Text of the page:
There’s been a lot of talk about work-life balance lately. If you’re an employer, offering your employees the flexibility they need to manage the obligations of their personal lives alongside their professional lives can make all the difference when it comes to job satisfaction, happiness and loyalty to the company. But flexible working — including working from home — can help your company’s bottom line, too.
Employees who are able to work flexibly are more productive and more likely to stay in their positions. That means you’ll earn more money when you offer your employees flex working options, and you’ll save money, too, in the form of reduced hiring expenses and other costs associated with turnover. At the end of the day, it’s really the results you’re getting from your employees that matter — not how much time they physically spend in the office or which specific times of day they work.
A Stanford University study involving employees of the Chinese travel website Ctrip found that, when call center employees were allowed to work entirely from home over a period of nine months, productivity improved by 13.5 percent on average. That’s almost an entire extra day of work per week. Not only that, but the researchers found that the turnover rate among the home workers dropped by half, and sick days plummeted too. Furthermore, Ctrip saved an average of $1,900 per employee over the course of the nine-month study period, due to decreased demand for furniture, supplies and office space.
You’d think that working from home would harm productivity — in fact, the Stanford researchers went into this study expecting to see reduced productivity from the home workers. They were astonished at the results. How is it possible that home workers could be more productive than their peers in the office? The researchers surmise that home workers have fewer distractions, since they’re not surrounded by their co-workers all day. With no commute and no need to run errands during lunch, home workers start earlier and work longer hours with fewer, shorter breaks.
Another study from the University of Minnesota involved 775 employees at Best Buy’s Minnesota headquarters. Rather than having these employees work from home, the researchers had them begin working under a “results-only work environment,” or ROWE. Under this system, emphasis is placed on the quality of the results employees produce, and not on the number of hours they put in or when and where they do their work. Implementing ROWE at the Best Buy headquarters slashed employee turnover by 45 percent. The system even helped reduce stress and ease unhappiness among employees struggling with family-related stress or job insecurity, since it helped them achieve a greater work-life balance.
Flex work benefits remain scarce on the ground among many companies, who don’t yet realize that offering more scheduling flexibility can benefit both employer and employee. But the best companies are already offering scheduling flexibility, and it’s helping them attract the best candidates. Great candidates want to be able to successfully balance their work and personal lives, and they know they can find a company that will respect their needs. Besides, many of the best candidates have personal obligations that don’t allow them to work a traditional nine-to-five schedule.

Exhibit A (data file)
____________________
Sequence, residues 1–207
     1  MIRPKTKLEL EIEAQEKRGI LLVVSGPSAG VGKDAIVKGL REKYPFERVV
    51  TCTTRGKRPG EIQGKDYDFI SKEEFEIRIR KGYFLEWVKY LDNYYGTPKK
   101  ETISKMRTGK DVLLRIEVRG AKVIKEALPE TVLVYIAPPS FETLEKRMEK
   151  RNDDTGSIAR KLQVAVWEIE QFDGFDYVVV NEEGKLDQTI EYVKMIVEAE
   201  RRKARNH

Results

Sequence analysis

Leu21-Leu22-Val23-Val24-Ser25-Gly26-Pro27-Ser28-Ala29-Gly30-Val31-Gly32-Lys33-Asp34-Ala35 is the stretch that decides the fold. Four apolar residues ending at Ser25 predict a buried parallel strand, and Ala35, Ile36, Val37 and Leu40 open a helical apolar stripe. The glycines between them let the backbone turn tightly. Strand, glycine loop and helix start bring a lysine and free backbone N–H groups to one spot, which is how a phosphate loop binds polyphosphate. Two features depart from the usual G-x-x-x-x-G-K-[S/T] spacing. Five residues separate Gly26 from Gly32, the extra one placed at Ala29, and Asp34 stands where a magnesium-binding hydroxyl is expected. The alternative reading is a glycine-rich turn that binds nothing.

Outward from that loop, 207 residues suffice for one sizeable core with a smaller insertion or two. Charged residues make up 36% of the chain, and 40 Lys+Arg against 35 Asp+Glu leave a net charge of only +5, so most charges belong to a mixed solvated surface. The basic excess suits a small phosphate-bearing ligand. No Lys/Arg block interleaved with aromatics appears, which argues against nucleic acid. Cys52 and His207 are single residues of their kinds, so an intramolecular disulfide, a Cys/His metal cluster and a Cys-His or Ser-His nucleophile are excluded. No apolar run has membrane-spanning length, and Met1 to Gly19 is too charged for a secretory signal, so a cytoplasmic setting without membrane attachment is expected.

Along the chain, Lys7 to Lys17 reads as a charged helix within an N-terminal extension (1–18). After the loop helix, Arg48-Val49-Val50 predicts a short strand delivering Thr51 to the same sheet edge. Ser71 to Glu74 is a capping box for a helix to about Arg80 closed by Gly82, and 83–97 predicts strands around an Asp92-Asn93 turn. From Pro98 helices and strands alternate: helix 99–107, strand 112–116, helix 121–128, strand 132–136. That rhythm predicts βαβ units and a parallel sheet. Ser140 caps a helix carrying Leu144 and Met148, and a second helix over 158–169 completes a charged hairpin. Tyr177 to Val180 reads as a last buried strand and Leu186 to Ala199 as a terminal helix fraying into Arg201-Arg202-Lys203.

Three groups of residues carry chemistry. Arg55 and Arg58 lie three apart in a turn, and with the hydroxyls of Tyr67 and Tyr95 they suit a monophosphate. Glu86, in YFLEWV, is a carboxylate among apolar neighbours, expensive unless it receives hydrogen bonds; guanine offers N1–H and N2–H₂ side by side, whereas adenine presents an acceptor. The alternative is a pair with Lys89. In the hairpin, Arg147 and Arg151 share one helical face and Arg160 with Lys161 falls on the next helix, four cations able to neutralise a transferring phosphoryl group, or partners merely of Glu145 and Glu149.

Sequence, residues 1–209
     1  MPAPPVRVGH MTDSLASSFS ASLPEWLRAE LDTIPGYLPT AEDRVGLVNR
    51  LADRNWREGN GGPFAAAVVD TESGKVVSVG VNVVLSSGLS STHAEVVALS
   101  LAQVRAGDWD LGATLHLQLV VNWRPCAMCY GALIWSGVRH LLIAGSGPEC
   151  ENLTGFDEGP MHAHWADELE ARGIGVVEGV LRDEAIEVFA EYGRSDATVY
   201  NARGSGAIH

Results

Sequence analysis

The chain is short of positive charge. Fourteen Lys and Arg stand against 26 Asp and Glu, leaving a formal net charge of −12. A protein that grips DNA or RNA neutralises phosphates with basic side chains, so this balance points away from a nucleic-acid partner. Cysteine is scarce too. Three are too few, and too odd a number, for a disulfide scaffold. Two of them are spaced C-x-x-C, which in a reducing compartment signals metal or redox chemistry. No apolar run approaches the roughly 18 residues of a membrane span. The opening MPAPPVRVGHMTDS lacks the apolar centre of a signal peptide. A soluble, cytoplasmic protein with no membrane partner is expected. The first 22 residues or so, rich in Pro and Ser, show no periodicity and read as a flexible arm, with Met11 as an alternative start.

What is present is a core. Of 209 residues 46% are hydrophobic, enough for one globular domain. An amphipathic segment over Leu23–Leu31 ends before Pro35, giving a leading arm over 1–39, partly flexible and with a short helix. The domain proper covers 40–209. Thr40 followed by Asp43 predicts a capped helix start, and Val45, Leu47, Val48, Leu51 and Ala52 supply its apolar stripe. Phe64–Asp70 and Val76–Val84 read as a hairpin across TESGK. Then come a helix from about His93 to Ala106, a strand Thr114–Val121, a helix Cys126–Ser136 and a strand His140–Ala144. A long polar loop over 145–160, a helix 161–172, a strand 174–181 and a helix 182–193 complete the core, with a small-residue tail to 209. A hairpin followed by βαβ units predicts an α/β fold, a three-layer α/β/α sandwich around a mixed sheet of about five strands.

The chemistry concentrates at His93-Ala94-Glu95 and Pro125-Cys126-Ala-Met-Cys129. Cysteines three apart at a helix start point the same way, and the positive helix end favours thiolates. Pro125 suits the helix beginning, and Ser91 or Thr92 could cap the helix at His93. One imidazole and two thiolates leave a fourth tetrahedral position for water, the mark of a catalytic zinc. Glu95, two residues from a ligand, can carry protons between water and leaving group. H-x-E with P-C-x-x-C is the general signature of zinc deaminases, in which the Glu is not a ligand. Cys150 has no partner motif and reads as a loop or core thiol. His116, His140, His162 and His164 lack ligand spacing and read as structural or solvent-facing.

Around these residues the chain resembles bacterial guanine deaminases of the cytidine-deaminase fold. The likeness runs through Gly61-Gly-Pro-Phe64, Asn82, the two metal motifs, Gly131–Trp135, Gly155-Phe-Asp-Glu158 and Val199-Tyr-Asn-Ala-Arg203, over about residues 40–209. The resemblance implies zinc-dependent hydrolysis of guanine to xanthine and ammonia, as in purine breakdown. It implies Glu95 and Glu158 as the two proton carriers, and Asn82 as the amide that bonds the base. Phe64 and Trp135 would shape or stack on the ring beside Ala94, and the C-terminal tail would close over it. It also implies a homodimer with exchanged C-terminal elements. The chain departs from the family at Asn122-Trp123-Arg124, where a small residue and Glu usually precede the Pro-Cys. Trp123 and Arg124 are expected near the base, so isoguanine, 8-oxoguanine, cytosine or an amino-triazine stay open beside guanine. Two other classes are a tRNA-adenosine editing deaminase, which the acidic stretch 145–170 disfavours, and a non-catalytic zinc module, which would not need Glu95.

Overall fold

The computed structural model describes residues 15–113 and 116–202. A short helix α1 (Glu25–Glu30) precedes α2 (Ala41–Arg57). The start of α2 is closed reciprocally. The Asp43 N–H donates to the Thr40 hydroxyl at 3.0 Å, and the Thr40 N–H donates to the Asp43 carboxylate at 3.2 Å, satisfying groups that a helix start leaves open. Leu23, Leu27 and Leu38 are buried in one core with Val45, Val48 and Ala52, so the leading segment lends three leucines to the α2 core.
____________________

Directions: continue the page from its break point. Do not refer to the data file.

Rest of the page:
Working parents, for example, may be very well-educated and motivated professionals, but the demands of raising a family mean that they need an employer who can bring flex scheduling to the table. By allowing telecommuting, your company can cast a wider net, drawing in talented candidates who may work too far away to commute to the office every day for a traditional work schedule.
Older workers, too, appreciate flex scheduling that can help them transition into retirement — and even enable them to work part-time in retirement. As the baby boomers approach retirement in a difficult economy, many of them are realizing they’ll need to work at least part-time to make ends meet through their golden years, but they can’t meet the demands of a traditional work schedule either. Companies like Atlantic Health System are accommodating the needs of older employees by implementing flex scheduling plans that allow workers who are retired or approaching retirement to work a part-time schedule during hours that make sense to them.
Flexible scheduling and results-only work environments may very well become the new normal as more workers and employers look for ways to juggle the often conflicting demands of our complicated modern lives. The advent of flex working and telecommuting solutions is a good thing for employers, who can look forward to getting much more out of their happier, more dedicated employees. If your company hasn’t yet implemented a plan to allow flexible scheduling, it’s time to consider it.Back to blog list